Cells are the basic units of life. They function by receiving signals from the outside and processing these signals to regulate cellular behavior. Signal processing is a complex process involving tens if not hundreds of cellular components (referred to as signaling intermediates) that must interact with each other to regulate cellular behavior. The amounts of such signaling intermediates inside each cell vary as a function of time after receiving a signal from the outside and as a function of their location in the cell. Jointly, these are referred to as spatiotemporal patterns. Spatiotemporal patterns are critical for understanding signaling efficiency in live cells, as enrichment of two proteins in the same location at the same time increases the likelihood that they will interact, i.e. their efficiency. Thus, an understanding of spatiotemporal pattering is essential if we are to unravel the complex interaction network of tens to hundreds of signaling intermediates, a great challenge in current biology. The goals of this project are: 1) To acquire comparative image data sets on many protein signaling intermediates under varying conditions of cellular activation and to develop and apply image analysis methods to accurately define the amount and location of the signaling intermediates within a cell (the T lymphocyte). In addition, these methods will be applied to define how the amount and location of these signaling intermediates vary with time as T cells respond to the different stimuli. 2) Because the data and methods that will be developed in this project will be of general interest and value for understanding cellular signaling, they will be made publicly available on servers. Other investigators will be given the opportunity to use these methods to analyze their image data. T cell microscopy experiments will be executed for collaborators, and the visual appeal of imaging data will be used to enrich high school education.

Broader impacts: In addition to providing the research community access to the resources and data that will be developed, this project will engage high school, graduate and medical students, as well as two postdoctoral fellows. Undergraduate students from around the US will be given opportunities to work on this project through the University of Texas Southwestern Summer Undergraduate Research Fellowship program (which places an emphasis on recruiting underrepresented minorities). Dr. Murphy will train and mentor minority students through a Research Experiences for Undergraduates program at Carnegie-Mellon University.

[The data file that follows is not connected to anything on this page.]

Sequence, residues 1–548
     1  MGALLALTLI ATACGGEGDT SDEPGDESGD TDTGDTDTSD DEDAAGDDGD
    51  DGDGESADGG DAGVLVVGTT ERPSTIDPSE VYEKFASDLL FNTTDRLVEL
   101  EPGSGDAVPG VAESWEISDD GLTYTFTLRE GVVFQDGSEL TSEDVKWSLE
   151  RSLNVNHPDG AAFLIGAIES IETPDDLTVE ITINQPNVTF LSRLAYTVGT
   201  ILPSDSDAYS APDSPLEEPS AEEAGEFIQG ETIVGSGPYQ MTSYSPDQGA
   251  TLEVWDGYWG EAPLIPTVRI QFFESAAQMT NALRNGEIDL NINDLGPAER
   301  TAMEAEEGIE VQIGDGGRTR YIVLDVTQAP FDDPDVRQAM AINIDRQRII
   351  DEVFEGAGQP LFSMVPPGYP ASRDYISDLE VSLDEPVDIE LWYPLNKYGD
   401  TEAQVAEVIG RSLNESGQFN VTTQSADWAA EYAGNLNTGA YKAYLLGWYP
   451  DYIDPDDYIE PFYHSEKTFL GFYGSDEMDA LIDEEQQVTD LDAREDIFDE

Project Report

The combination of fluorescent protein tagging and fluorescence microscopy permits movies to be collected of the intracellular distributions of different proteins in live cells as they undergo various cellular processes. However, computational methods are required in order to analyze these movies and produce detailed models of how different proteins. This grant supported development and testing of such methods and their use to analyze movies collected through a parallel grant. The process studied was T-cell synapse formation, which is critical to functioning of the immune system. The results results revealed which proteins show altered distributions when T cell signaling was partially blocked, indicating that those proteins are important regulators of T cell function. The models developed will be useful for building cell simulations of the process of T cell signaling, and the methods will also be useful for future studies of changes in protein location in other cell processes. The methods have been incorporated into open source software and made available to the research community. The grant also supported training and mentoring of a number of Ph.D. students. The grantee gave many lectures and organized a tutorials and a workshops to educate other scientists about these new methods and the results obtained.

National Science Foundation (NSF)
Division of Molecular and Cellular Biosciences (MCB)
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Gregory W. Warr
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Carnegie-Mellon University
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